A comment made yesterday by a consumer is emblematic, in my estimation, of the situation nationally. She works as a paralegal, her husband as an electrician. I'll speculate that this couple is representative of the demographic that most of you serve.
"My husband and I were victimized by our mortgage broker, appraiser and lender. Our Good Faith Estimate showed a fixed rate loan; when we got to closing on a Friday at 4 p.m., we received an adjustable rate, interest only mortgage and a second mortgage/equity line of credit! We were past the closing date due to the lender, and the seller said if we did not sign then they would keep our $11,000.00 deposit ... and recently we found out that the appraisal was inflated by approximately $25,000!"
While it's obviously a complicated situation with any number of moving parts, there's no reason to distrust the woman. Why would she lie? Why would she make blatant accusations of appraiser fraud that weren't true? Why would she paint a broad canvas of predatory lending practices if they didn't occur? Are all buyers liars? It's doubtful!
For 20 years I conducted closings referred by real estate agents and loan originators. More than once I was compelled to seek a legal opinion after hours to determine my own liability because a deal turned ugly at the table. More than once I had buyers accept unfavorable loan terms, angrily and reluctantly, because their possessions were stowed on a moving van and they had nowhere to go. More than once I heard licensed professionals lie like hell to earn a commission or a fee.
It's undeniably convenient to blame irresponsible borrowers for the woes of the industry such as they are. It implies that someone else, anyone else, is at fault. Gilda's narrative doesn't suggest the presence of real estate agents in her transaction. Perhaps, if good agents were involved the abuse wouldn't have occurred. But, what about all those times appraisers were asked, or threatened, by industry insiders to be a bit lenient by inching a value upwards by $1,500 or $2,500 to make a deal work. It's a far cry from $25,000, but we can't ignore the cumulative reality. Is it possible that a little cheat here and a little cheat there contributed in a big way to the problem we now face? Could it be that the same mentality of cheating a little to make life easier found its way into every aspect of real estate protocol?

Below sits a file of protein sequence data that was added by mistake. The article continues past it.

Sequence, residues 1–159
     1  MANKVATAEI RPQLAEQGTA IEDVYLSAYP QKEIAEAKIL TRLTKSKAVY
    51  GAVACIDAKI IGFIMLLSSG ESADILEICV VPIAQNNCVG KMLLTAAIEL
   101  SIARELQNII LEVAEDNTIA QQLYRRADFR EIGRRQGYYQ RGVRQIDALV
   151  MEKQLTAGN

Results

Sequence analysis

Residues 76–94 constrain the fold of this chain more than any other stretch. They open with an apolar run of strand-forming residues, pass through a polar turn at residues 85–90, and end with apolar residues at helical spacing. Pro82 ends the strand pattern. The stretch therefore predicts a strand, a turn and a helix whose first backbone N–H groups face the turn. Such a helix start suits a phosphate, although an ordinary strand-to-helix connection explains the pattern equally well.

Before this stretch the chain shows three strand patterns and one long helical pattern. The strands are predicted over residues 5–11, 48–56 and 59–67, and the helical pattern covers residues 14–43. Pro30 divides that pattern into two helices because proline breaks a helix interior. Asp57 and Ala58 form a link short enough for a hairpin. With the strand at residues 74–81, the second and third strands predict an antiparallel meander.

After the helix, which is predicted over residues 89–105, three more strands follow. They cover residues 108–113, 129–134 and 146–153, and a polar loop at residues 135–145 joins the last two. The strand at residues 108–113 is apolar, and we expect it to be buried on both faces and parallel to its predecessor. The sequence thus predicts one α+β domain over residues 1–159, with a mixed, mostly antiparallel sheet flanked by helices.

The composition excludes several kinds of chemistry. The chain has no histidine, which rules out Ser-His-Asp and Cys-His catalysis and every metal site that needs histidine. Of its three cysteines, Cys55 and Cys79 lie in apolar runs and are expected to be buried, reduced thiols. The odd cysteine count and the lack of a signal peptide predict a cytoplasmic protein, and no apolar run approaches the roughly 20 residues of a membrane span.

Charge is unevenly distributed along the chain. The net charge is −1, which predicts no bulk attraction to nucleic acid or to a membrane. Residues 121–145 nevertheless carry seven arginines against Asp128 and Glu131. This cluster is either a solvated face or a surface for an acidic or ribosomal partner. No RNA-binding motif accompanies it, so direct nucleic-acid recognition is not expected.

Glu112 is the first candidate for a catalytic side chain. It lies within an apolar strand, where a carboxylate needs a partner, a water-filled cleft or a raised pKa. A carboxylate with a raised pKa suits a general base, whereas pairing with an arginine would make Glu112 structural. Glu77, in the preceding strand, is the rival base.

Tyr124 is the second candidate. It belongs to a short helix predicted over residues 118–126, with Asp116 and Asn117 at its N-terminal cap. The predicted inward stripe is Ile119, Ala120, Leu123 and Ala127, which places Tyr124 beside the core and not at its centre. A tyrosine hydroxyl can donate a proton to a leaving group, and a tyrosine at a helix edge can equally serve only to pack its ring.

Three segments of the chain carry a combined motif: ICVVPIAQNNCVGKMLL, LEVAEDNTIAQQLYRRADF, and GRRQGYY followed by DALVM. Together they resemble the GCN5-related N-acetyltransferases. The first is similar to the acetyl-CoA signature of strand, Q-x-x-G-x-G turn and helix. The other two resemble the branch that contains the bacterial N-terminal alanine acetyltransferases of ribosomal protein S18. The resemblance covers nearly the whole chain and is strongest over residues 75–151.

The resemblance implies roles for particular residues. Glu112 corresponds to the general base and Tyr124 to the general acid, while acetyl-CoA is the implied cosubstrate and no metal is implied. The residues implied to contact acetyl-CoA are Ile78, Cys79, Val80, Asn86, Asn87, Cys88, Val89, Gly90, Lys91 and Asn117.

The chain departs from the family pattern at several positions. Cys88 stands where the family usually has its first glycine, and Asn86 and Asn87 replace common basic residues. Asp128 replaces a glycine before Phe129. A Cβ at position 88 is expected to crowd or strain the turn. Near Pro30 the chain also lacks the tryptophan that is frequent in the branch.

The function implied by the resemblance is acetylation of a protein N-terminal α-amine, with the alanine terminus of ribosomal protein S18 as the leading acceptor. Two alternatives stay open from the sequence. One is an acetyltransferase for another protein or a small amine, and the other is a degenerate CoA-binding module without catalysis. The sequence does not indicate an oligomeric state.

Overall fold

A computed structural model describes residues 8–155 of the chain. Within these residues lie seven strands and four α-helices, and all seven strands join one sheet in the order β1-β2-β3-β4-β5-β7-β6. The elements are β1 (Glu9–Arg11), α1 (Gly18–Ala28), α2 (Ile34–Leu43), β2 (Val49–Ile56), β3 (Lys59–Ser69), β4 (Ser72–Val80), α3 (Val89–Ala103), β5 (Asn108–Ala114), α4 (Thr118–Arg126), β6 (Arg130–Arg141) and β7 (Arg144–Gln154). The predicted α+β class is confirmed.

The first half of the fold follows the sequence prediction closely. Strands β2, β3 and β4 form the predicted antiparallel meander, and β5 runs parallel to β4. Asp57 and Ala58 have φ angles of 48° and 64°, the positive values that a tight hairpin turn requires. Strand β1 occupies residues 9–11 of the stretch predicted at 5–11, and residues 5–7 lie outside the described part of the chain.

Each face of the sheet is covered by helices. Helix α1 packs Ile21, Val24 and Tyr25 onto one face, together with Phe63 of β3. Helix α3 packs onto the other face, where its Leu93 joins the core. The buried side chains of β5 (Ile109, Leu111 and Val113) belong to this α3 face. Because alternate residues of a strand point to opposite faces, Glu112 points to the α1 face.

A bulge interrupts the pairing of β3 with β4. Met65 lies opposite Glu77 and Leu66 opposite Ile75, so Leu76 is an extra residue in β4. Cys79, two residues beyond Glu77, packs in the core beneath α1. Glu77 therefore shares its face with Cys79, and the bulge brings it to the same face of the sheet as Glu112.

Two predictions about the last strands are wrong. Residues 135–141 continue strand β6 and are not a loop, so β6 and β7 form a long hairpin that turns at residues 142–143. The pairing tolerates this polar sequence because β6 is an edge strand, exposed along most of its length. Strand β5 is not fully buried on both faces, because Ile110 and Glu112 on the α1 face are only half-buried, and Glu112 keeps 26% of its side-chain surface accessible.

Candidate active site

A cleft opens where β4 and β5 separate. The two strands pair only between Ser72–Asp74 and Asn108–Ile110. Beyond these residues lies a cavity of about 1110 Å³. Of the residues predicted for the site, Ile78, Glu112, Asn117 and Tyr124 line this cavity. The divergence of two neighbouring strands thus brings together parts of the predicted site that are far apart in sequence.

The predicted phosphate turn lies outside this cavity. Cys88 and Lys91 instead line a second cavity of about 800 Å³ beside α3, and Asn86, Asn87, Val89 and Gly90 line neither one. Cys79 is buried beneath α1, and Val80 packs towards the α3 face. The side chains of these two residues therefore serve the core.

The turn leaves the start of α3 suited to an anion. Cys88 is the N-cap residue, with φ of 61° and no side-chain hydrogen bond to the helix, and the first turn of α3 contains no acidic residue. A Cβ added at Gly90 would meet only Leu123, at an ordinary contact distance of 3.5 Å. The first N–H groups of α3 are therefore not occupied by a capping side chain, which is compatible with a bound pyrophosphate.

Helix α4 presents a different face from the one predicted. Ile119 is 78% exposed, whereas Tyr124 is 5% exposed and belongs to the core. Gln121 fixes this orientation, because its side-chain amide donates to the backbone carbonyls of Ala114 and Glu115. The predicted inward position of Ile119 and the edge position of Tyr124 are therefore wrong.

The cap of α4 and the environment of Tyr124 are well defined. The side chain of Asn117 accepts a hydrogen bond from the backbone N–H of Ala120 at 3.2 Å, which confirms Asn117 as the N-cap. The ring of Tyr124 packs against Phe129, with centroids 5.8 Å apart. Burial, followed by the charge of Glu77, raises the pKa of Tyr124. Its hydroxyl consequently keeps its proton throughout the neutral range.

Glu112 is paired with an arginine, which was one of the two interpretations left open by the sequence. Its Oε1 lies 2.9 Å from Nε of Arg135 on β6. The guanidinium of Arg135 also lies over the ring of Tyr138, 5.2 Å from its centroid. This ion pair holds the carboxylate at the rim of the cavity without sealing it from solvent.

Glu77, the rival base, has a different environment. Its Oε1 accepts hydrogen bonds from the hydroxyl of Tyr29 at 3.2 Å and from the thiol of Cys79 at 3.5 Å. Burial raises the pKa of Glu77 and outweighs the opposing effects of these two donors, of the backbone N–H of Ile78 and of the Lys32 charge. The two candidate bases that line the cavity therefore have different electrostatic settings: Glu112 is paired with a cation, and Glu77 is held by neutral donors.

At times the truth is painful!
As a "card carrying" capitalist, I embrace the wisdom of free markets while denouncing government intervention in all its hideous forms. Like most of you, my formative education leads me to believe that imbalanced markets need time to correct themselves. How much time, though? My heart and intuition lead me in an entirely different direction. I recognize the need for intrusive medical treatment when a patient's health is in immediate and eminent danger. Our neighbors, family members, and friends are suffering horribly. Once the bleeding has stopped, we can look for solutions.
Our domestic housing crises stands center stage in the theater of international opinion. Even the likes of Osama bin Laden recognized its potent psychological affects by mentioning the crises in a stream of anti-American rhetoric. Public officials will hear the cries of consumers in Gilda's predicament because it's their mandate. The free market itself will incorporate Gilda's plight into its corrective gyrations because it has to.
Yes, everyone holds a degree of culpability. But the fact remains: Once a business model fails to protect the interests of vast numbers of consumers, it's no longer viable!
It would be exceedingly naive to expect that in three years the real estate industry will look the way it does today.
Why you ask?
Because ... even if the crises miraculously resolved itself today, the catalysts that caused it are still alive and well!For a well written and provocative post see Obtaining Housing Meltdown Absolution with a Holiday Round of the "Caveat Emptor Chorus." Rosemarie Hicks explores the paradigm of esoteric dishonesty that miserably failed trusting consumers and real estate markets in general.